The SNP government is facing fresh calls to set out what the rate of Scottish income tax will be when Holyrood takes control over it next year.
Scottish secretary David Mundell says the public have a right to know whether finance secretary John Swinney will raise – or cut – income tax from the UK level.
“How much will it be? When will they tell us?” the Conservative minister says in an open article today.
Income tax in Scotland will effectively be cut by 10p from the UK rate as of next April – with MSPs at Holyrood then tasked with raising it back up to the required level in line with need.
The SNP government has yet to set out the level of the new Scottish Rate of Income Tax (SRIT).
But Mr Mundell said: “We are entering a new era of devolution in Scotland where the Scottish Parliament is more powerful and more accountable than ever before.
“Holyrood will have control over billions of pounds worth of tax and welfare powers.
“They now need to set the Scottish Rate of Income Tax. This money will come out of Scottish pay cheques next April. How much will it be? When will they tell us?”
Mr Mundell, the only Tory MP in Scotland, said the Scottish Government is able to choose a “different path” from the rest of the UK on these issues.
“That is what devolution is all about,” he said.
“If the First Minister wants to increase taxes, create new benefits or top-up existing benefits then that is her choice because these are the new powers Holyrood will have.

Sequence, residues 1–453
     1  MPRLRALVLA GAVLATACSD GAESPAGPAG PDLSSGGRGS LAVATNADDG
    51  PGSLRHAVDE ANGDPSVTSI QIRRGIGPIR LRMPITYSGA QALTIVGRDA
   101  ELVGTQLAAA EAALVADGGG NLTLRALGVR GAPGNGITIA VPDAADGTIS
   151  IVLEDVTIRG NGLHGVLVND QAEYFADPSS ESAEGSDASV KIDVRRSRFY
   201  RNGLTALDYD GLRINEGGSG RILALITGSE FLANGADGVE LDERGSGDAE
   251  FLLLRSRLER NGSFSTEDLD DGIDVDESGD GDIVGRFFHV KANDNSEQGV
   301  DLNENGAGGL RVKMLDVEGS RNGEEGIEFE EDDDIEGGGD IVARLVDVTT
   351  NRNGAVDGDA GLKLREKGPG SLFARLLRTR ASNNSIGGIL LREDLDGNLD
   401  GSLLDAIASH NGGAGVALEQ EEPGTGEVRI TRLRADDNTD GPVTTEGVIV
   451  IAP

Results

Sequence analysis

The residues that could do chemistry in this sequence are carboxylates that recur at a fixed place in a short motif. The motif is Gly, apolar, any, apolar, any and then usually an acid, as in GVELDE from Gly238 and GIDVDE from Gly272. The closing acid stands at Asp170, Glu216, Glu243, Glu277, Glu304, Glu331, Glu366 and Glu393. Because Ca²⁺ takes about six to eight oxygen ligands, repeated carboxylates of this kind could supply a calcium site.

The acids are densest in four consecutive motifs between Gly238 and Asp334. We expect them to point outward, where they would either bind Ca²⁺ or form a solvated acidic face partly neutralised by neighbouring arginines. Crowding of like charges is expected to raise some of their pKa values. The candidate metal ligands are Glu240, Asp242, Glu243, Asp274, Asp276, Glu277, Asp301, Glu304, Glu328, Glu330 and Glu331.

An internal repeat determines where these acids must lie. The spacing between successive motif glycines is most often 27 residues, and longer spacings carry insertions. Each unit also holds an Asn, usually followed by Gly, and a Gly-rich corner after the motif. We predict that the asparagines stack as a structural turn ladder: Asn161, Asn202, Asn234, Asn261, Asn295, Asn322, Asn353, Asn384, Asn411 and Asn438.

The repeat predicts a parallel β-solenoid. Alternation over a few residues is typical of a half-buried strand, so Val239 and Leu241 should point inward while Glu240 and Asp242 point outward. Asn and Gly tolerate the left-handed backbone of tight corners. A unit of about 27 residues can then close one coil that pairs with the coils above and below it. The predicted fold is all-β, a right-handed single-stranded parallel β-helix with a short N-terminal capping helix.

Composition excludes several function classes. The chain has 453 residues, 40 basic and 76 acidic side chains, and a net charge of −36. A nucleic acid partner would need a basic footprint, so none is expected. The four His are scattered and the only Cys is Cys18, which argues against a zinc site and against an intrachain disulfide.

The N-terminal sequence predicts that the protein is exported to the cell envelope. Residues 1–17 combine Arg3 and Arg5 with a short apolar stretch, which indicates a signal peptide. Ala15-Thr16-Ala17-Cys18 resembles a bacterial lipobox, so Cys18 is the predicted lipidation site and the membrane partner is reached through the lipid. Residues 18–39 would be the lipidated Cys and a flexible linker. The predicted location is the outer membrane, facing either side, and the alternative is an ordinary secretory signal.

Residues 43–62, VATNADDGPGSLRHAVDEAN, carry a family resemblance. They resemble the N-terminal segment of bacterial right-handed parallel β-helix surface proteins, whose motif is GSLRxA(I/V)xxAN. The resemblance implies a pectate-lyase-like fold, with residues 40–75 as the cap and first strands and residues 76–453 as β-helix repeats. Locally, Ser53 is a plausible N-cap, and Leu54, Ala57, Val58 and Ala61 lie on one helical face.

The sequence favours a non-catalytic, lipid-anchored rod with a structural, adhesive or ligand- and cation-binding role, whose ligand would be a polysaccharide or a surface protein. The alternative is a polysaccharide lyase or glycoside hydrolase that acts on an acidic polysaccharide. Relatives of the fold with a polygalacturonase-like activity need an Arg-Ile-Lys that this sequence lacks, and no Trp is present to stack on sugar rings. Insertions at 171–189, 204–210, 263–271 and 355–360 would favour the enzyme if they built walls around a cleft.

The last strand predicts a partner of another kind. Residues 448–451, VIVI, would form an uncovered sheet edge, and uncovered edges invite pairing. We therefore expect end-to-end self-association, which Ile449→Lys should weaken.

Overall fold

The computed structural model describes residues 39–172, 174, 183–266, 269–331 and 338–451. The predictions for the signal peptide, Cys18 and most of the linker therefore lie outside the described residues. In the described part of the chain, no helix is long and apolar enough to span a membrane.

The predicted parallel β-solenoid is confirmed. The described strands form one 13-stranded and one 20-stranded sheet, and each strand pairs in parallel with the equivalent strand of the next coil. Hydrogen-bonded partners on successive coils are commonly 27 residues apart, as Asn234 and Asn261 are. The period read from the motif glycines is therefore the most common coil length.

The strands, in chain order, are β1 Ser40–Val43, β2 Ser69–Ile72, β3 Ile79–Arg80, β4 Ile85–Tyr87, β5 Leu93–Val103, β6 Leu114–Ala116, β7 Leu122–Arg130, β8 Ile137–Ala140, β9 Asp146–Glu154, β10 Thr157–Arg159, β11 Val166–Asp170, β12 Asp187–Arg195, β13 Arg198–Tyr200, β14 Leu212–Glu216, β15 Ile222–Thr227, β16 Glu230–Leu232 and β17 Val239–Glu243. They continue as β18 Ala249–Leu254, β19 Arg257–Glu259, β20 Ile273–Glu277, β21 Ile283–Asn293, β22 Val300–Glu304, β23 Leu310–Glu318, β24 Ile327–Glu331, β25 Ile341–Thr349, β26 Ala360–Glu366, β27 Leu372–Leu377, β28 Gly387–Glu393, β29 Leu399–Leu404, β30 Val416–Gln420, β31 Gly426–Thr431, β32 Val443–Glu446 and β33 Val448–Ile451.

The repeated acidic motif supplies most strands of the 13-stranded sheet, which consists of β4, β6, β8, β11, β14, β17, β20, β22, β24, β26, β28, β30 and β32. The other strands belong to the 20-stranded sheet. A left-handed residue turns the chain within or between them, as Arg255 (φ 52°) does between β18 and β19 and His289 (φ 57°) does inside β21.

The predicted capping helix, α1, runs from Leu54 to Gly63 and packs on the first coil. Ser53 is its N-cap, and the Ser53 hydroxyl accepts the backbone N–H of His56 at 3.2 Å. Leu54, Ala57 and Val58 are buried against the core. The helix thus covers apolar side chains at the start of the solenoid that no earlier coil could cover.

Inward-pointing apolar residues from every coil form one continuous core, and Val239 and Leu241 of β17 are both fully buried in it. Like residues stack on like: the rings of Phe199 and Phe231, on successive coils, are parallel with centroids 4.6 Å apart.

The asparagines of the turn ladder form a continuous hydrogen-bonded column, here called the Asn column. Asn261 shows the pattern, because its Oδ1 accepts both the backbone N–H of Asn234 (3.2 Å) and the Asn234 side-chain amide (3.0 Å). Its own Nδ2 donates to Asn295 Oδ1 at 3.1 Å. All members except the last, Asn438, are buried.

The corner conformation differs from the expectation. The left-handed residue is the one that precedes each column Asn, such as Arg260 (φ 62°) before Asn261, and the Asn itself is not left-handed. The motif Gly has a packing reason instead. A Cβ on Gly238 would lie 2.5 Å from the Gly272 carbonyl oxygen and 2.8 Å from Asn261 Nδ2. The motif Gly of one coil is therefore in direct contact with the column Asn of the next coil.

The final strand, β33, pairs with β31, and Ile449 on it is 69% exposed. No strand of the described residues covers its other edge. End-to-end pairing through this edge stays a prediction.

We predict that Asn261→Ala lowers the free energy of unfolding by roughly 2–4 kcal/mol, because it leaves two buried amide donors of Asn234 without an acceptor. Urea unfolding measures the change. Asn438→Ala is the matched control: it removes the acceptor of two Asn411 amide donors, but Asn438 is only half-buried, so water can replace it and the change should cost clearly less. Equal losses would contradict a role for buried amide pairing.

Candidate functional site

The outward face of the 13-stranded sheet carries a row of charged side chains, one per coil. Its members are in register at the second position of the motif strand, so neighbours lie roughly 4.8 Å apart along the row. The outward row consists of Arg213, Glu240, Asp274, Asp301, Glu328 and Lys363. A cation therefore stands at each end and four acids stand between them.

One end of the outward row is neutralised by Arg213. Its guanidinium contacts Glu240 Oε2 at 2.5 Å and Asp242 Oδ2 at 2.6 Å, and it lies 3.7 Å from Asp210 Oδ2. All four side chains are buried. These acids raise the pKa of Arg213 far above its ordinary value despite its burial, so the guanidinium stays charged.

“She should, however, use the next 100 days to explain how Holyrood intends to use these new powers.”
Mr Mundell’s intervention co-incides with the Tory government marking 100 days in power.
A spokesman for Finance Secretary John Swinney said: “The story of the Conservatives’ first 100 days since the election has been one of retreats and climb-downs, under pressure from the SNP.
“The Tories just need to get on with the job of delivering the new powers for Scotland that were promised and which people expect, instead of trying to water them down – we will propose an income tax rate after seeing the detail of the UK Government’s spending review, which is not scheduled until late November.”
Holyrood’s finance committee has launched an inquiry today into how the power should be used and whether taxpayers and employers are prepared for the change.
The consultation, which members of the public are urged to take part in, asks how much income tax Scots should pay and why.
At present, income tax is levied in three bands.
Those earning between the tax-free personal allowance of £10,600 and £31,785 pay the basic rate of 20p in the £1.
The new Scottish rate of income tax will apply to all three bands across the board, meaning any changes will have a proportionately bigger effect on basic rate taxpayers.